As is frequently the case in other sectors, healthcare organisations often negotiate favourable terms for long-term contracts, which limits their ability to find alternative healthcare technology providers if the incumbent does not choose to update its software to the latest Microsoft operating system. Simpson said organisations may choose to defer upgrading, and run an unsupported operating system instead of upgrading to Windows 10.

https://www.computerweekly.com/news/252472965/Windows-7-upgrade-haunts-health-service-tech-vision

 

Norsk Hydro's cyber insurance has paid just a fraction of its breach-related losses so far

Norsk Hydro received an insurance payout of $3.6 million following a highly publicized cyberattack earlier this year, the company revealed in its third quarter earnings report. The insurance payout represents about 6% of the $60 million to $71 million in costs created by the incident through the third quarter, the company said. The Norwegian aluminum and energy giant expects more compensation will come as more costs are totaled.

https://www.cyberscoop.com/cyber-insurance-norsk-hydro-lockergoga-attack/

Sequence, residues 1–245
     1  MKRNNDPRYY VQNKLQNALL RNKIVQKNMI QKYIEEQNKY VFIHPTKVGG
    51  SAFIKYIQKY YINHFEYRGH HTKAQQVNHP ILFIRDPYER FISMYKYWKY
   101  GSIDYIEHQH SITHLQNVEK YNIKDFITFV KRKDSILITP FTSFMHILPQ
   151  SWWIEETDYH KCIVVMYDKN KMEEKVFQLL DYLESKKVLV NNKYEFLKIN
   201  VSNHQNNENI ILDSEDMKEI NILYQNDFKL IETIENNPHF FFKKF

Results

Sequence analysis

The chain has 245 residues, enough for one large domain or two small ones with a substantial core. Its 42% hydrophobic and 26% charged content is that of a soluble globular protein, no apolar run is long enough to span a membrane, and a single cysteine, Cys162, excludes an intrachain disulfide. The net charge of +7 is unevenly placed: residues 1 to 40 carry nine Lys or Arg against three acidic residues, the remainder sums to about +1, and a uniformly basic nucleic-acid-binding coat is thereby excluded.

Small Businesses Struggle to Succeed Due to Increased Cyber Threats

In response to evolving cyber threats, ETA is proposing the introduction of a tax credit to assist Canadian small businesses in improving their cyber resilience through cyber security insurance. The proposed 15%non-refundable tax credit would be available for Canadian-based small businesses with fewer than 99 employees who meet the requirements of the CyberSecure Canada program, a voluntary cybersecurity certification program administered by Innovation, Science, and Economic Development Canada.

https://www.financialbuzz.com/small-businesses-struggle-to-succeed-due-to-increased-cyber-threats/

 

Recent Cyber Attacks Target Asset Management Firms